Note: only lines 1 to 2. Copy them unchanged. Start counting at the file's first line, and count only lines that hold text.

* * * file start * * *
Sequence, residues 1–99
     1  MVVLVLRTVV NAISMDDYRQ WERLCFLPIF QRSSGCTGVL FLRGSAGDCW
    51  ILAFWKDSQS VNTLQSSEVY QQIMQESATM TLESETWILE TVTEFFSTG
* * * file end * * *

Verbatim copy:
Sequence, residues 1–99
     1  MVVLVLRTVV NAISMDDYRQ WERLCFLPIF QRSSGCTGVL FLRGSAGDCW